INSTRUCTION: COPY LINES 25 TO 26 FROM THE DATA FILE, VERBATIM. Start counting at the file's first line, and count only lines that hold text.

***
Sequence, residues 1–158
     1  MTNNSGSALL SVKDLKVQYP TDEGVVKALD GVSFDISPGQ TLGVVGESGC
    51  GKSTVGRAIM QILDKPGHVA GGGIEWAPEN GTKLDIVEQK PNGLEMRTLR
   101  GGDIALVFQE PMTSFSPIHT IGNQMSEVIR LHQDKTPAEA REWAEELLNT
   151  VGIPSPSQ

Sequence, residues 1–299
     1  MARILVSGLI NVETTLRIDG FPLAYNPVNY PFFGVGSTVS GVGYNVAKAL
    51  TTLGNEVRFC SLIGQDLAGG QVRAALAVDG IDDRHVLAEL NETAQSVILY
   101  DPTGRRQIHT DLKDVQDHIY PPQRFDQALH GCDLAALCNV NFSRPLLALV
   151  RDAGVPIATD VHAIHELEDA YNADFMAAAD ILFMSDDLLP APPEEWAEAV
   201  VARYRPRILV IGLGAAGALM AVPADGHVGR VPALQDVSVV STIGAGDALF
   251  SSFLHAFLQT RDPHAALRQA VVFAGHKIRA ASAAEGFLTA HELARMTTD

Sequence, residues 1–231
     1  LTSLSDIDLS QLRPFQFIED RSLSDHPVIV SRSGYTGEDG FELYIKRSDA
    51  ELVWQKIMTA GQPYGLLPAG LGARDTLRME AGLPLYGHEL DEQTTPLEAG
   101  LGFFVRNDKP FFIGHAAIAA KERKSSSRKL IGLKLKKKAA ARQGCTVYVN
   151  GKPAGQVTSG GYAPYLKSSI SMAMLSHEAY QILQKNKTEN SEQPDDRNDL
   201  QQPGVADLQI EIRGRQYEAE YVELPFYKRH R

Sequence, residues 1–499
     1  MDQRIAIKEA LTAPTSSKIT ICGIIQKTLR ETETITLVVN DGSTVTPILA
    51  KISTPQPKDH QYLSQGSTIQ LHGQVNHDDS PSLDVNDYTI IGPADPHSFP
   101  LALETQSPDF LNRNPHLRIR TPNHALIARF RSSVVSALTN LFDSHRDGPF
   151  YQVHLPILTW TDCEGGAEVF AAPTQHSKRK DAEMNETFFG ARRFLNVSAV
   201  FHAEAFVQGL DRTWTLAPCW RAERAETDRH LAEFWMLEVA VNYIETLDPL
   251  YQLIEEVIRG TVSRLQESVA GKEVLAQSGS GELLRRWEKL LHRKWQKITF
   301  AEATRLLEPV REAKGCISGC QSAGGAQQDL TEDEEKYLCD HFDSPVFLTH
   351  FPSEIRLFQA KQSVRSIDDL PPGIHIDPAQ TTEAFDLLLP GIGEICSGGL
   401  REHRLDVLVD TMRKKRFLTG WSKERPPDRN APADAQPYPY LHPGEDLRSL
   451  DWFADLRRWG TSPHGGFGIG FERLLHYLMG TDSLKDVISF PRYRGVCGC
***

   251  YQLIEEVIRG TVSRLQESVA GKEVLAQSGS GELLRRWEKL LHRKWQKITF
   301  AEATRLLEPV REAKGCISGC QSAGGAQQDL TEDEEKYLCD HFDSPVFLTH